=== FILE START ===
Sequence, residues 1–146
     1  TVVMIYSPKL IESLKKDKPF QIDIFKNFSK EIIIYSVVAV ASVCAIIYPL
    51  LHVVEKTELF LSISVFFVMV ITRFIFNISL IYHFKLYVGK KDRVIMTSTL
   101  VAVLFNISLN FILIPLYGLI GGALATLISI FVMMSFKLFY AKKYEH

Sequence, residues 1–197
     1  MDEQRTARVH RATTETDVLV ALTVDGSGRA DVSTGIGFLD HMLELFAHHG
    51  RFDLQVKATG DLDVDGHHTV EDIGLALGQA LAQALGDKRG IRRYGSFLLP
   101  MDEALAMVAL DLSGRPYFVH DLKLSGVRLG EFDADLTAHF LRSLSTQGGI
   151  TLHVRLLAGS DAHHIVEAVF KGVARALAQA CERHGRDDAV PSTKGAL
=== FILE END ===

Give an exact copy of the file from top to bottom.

Sequence, residues 1–146
     1  TVVMIYSPKL IESLKKDKPF QIDIFKNFSK EIIIYSVVAV ASVCAIIYPL
    51  LHVVEKTELF LSISVFFVMV ITRFIFNISL IYHFKLYVGK KDRVIMTSTL
   101  VAVLFNISLN FILIPLYGLI GGALATLISI FVMMSFKLFY AKKYEH

Sequence, residues 1–197
     1  MDEQRTARVH RATTETDVLV ALTVDGSGRA DVSTGIGFLD HMLELFAHHG
    51  RFDLQVKATG DLDVDGHHTV EDIGLALGQA LAQALGDKRG IRRYGSFLLP
   101  MDEALAMVAL DLSGRPYFVH DLKLSGVRLG EFDADLTAHF LRSLSTQGGI
   151  TLHVRLLAGS DAHHIVEAVF KGVARALAQA CERHGRDDAV PSTKGAL